[SystemSafety] GPS jamming

Peter Bernard Ladkin ladkin at causalis.com
Fri Jul 12 13:32:11 CEST 2019

On 2019-07-12 12:21 , Mike Rothon wrote:
> The incident report is available on the NASA ASRS database at
> https://asrs.arc.nasa.gov/search/database.html. Search by Report Number (ACN) for 1565516.
> It was a Cessna Citation 560XL, a mid-size business jet. These are reasonably well equipped, usually
> a single or dual Honeywell Primus 1000 package (when built).
> I thought this system was capable of DME/DME as well, but I have no idea how the solution would be
> compared or prioritised against a solid WAAS signal.

There is a presentation about the airport (KSUN, Hailey-Friedman Memorial Airport at Sun Valley,
Idaho, from 2012 at
http://iflysun.com/wp-content/uploads/2016/12/FMAA-Power-Point-Presentation-010312.pdf Horizon Air
seems to fly in there, with Q400 aircraft and a custom RNP (one slide says they don't use the "Y"
procedure). There are two poor-resolution approach plates, RNP-W and RNP-Y, both for RWY 31.

There are better-resolution plates available on the WWW, for example:
RNAV Y RWY 31 https://resources.globalair.com/dtpp/globalair_06239RY31.PDF
RNAV X RWY 31 https://resources.globalair.com/dtpp/globalair_06239rx31.pdf
RNAV W RWY 31 https://www.platinumairways.org/files/DOTW_Charts/KSUNcharts.pdf

There is part of the sectional at
https://skyvector.com/?ll=43.503780556,-114.295558333&chart=301&zoom=1 There is a fairly wide E-W
plain south of the airport, at elevations 4800'-6000' it seems, and the mountains start about where
the airport is, with peaks at over 10,000' N, E and W.

Besides the RNAV, there is an NDB/DME approach also, coming off an NDB and DME which is about 10nm
away from the airport. Decision point (visual contact) is about 5nm away from the runway, and 5nm
beyond the NDB/DME installation. There is no kit at the airport itself.

Fix PRESN is named in the report. PRESN is an IAF for all these approaches. Note the controller says
tower says AC just reported PRESN, and ARTCC radar was showing him 12nm NW of that.

The plates give the WAAS data, so KSUN is served by WAAS. Hard to say how well, though.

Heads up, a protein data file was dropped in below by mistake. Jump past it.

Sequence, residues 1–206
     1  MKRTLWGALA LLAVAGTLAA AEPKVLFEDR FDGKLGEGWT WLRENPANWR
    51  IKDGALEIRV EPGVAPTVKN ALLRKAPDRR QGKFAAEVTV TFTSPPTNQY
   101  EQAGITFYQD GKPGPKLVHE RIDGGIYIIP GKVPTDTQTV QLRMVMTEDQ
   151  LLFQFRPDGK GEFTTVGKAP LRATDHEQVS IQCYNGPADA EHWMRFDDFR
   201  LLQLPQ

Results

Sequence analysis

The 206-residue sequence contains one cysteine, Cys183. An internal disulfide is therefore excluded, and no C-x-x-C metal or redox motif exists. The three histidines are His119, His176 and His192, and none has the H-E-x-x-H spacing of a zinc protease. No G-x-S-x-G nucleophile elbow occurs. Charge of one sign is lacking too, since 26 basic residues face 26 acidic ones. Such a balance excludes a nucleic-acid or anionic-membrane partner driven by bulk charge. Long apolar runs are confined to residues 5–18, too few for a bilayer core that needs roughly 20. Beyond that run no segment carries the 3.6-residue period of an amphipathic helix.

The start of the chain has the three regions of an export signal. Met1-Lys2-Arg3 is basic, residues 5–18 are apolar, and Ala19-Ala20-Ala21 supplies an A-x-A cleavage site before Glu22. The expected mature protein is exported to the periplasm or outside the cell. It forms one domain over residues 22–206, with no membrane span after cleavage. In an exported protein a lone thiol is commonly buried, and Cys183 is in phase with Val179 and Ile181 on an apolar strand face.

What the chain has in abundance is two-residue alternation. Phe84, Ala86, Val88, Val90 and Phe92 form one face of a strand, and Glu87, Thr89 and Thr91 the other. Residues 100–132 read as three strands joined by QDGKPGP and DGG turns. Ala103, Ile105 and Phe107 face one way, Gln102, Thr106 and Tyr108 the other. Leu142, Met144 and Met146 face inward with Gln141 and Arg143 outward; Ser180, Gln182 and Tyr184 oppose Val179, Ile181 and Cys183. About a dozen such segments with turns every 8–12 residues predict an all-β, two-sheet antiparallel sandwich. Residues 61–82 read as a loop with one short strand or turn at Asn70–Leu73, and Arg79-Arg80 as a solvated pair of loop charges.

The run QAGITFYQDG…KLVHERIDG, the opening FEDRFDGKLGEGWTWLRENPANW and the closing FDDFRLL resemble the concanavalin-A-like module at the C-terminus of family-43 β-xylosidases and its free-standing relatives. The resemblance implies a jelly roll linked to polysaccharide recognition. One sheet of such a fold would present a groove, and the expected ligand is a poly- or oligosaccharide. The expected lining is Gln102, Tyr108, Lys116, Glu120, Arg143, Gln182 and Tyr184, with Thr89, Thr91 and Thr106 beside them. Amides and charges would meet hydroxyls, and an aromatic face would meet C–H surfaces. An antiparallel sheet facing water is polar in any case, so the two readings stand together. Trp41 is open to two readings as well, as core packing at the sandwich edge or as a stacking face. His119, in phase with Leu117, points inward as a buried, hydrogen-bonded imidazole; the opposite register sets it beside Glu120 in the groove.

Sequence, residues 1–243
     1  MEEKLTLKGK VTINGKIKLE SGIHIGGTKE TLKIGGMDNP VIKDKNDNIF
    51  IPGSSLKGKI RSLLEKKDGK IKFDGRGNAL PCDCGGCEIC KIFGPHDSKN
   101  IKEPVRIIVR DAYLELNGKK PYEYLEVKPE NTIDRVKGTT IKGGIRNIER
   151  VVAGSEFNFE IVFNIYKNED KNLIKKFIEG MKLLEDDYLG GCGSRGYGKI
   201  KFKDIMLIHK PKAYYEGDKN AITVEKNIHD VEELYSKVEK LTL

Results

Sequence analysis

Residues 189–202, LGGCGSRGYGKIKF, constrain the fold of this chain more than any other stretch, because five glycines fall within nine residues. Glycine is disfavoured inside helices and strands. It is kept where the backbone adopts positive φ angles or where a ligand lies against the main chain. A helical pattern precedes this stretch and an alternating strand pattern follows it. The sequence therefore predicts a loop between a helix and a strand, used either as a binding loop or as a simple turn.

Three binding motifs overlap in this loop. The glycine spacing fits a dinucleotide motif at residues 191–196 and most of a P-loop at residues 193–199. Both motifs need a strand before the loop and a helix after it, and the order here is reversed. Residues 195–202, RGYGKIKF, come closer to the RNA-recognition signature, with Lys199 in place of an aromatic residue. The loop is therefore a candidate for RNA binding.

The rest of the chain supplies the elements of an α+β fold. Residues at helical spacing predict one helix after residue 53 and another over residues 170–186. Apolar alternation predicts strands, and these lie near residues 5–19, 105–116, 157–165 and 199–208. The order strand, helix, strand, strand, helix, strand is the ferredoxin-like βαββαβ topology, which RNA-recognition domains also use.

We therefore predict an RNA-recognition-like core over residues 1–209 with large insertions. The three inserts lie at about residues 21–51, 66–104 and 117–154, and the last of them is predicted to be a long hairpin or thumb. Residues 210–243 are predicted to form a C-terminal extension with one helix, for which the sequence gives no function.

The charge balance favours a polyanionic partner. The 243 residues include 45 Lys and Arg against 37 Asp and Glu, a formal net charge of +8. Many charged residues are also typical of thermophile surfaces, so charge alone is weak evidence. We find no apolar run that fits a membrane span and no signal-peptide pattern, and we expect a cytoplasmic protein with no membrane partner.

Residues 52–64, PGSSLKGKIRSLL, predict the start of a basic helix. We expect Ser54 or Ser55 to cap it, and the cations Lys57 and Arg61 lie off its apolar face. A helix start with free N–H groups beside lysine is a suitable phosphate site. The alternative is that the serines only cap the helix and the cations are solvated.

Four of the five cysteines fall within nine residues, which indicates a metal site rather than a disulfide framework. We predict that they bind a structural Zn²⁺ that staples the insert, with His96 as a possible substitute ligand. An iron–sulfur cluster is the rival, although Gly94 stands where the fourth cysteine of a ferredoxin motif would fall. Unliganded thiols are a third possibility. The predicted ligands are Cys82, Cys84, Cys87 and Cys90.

The MSA is 13,000, and they were performing an approach to an airport at 5320' (note two of the
above plates have this, and one has 5318'), so they will be spending a lot of time on that approach
below the tops of the terrain, which in the vicinity of the airport go up to almost 9000'. To be
12nm off track in that situation is exceptionally dangerous. To see on the plate where the AC was
when he thought he had just passed PRESN, note that JUNOL to CAKIR (the go-around point on the RNAV
approach) is about 10nm.

I agree with Mike's assessment that the incident is "chilling".

In comment on Dewi's and John's speculation that he might have been operating with non-certified
kit, given it was a Citation I doubt it. In response to Dewi's query if it is legal to fly IFR with
non-installed kit, the answer is no. The aircraft can only use installed and regularly calibrated
kit and it is in the maintenance logbook what that is (with the certificates if it is installed

That doesn't stop the cowboys, though. But they tend to stop themselves, in Darwinian fashion -
every US flight school has its story about the pilot who used to go file IFR here and there without
an IFR rating - and how long he lasted (it is invariably a male, and invariably a couple of years at


Prof. Peter Bernard Ladkin, Bielefeld, Germany
Je suis Charlie
Tel+msg +49 (0)521 880 7319  www.rvs-bi.de

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